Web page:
When We Shouldn’t Share the Gospel
I spend my Tuesday mornings intentionally engaging in conversations about God (among other things) with women who don’t share my views. Some think they believe what I believe about God, but their lifestyles communicate otherwise. Some don’t know what they believe. Some don’t really care to figure out what they believe.
We spend thirty minutes one on one, talking out problems these women are facing. They tell me about themselves. I affirm their feelings. I try to make them feel heard and understood. I try to empower them to make well-educated decisions. I interject pertinent truth when it’s fitting. And, if I feel led, I share the Gospel proper.
Thirty minutes is not a lot of time to get through all that. And I will never see the vast majority of these women ever again.
That being the case, I must ask myself, “As a Christian, whose primary responsibility to others is to share the Gospel with them, must I verbally share it with every non-Christian I meet? If I don’t have time or don’t ‘feel led’, am I shirking the Great Commission (Matthew 28:16-20) by not laying out the plan of salvation with every non-Christian I know?”
It’s true, every unbeliever’s greatest need is an understanding and acceptance of the Gospel. And it’s also true that each unbeliever is at a different point along the path to accepting truth.
If we think of a person’s journey to faith in Christ as a timeline, with their birth on the far left and their acceptance of Christ on the far right,we would do well to consider what happens in between.
As they start traveling on their path, unbelievers go through stages.
1. Ignorance. The fact is none of us are born knowing the Gospel. We have to learn it. And whether we’re 4 or 94 the first time we hear it, we all spend part of our lives ignorant of the Gospel.
Once we’ve heard the Gospel, we respond to it, for better or for worse. A small percentage of folks hear the Gospel one time and embrace it wholeheartedly. The majority of us, however, have to hear the Gospel more than 7 times before we both understand it and accept it as truth. Before that glorious day comes, we may go through the following stages in any order, each stage may last for any length of time, and we may visit any stage more than one time:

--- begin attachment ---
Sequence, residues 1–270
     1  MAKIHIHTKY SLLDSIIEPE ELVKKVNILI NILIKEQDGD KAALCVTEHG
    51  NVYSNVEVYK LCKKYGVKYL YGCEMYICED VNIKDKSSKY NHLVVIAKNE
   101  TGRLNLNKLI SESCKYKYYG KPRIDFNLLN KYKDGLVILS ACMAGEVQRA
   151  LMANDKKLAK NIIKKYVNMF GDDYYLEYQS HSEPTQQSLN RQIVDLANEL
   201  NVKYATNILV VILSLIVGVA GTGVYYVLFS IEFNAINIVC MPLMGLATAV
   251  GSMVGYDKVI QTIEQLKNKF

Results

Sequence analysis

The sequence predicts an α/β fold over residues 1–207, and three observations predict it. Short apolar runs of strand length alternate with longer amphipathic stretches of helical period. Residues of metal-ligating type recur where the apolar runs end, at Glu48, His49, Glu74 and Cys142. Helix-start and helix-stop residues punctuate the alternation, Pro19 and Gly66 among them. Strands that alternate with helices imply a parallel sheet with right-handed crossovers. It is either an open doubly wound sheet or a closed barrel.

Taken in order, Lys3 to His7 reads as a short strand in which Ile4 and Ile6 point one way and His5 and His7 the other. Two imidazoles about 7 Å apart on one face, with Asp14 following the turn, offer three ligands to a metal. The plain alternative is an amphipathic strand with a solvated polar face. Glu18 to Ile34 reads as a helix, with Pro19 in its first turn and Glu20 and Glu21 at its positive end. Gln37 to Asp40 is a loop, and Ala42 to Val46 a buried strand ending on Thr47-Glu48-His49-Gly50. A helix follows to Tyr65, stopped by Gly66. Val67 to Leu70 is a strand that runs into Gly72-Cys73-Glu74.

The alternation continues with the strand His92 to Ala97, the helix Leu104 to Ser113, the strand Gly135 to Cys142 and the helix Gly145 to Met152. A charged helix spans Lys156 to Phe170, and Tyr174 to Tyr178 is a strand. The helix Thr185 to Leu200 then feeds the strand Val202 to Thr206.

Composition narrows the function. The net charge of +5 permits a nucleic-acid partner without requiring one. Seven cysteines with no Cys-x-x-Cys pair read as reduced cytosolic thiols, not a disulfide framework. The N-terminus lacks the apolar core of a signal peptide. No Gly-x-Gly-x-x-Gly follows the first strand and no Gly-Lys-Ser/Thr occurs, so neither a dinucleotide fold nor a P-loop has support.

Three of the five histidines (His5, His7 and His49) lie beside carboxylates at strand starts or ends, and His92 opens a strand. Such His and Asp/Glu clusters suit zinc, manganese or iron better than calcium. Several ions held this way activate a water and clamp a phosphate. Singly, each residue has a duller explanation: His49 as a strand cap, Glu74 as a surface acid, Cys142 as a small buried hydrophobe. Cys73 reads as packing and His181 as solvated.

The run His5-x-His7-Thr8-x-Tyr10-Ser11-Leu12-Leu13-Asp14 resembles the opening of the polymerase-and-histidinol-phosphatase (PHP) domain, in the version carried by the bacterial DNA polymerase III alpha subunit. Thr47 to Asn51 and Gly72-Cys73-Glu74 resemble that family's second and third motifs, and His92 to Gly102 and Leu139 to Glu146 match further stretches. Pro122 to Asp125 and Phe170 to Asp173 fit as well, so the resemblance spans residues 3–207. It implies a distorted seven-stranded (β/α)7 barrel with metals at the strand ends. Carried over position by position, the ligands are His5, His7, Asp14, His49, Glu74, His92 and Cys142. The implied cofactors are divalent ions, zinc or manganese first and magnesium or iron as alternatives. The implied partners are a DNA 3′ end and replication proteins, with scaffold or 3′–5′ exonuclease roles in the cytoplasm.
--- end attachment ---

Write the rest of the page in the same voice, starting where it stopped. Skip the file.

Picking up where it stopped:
2. Denial. “That can’t be true.” “That doesn’t work for me.” “That doesn’t make any sense.” “That’s pretty far-fetched.”
3. Hostility. “I’m a pretty good person – I don’t need a Savior.” “That’s intolerant.” “Who are you to tell me I am going to hell?”
4. Conviction. “I want to believe it, but I’m not sure it’s true.” “I know I need to get right with God, but I really don’t want to live differently yet.”
If unbelievers are in stage 1, I’m convinced the most loving thing we can do is share the Gospel with them. Lay it out, clearly, lovingly, with scriptural support. To withhold that information would be unloving and in direct violation of our charge as believers.
But what do we do with unbelievers in stages 2, 3, and 4? They’ve heard the Gospel at some point, but they aren’t emotionally ready to accept it. In that case, sharing it with them again might actually turn them off. Is it in their best interest to share it with them anyway? Unless we really feel a definite leading from the Spirit to share, I’d say it isn’t.
Christians ought to do whatever it takes to move non-Christians toward the Lord, and sometimes that means NOT sharing the Gospel verbally.
If we sense they aren’t open to hearing the Gospel, although it sounds like an oxymoron, we can actually perpetuate their acceptance of the Gospel down the line by not verbally sharing it with them now.
If an unbeliever has already heard the Gospel before and chose not to accept it, what they need more than anything – even more than an additional presentation of the Gospel – is a positive interaction with someone who calls themselves “Christian”. They need to feel respected, valued, appreciated, and accepted. An encounter like that will move them farther down the timeline toward accepting the Gospel for themselves much more readily than a pushy Christian with an agenda to verbally share the Gospel with every non-believer she comes into contact with.
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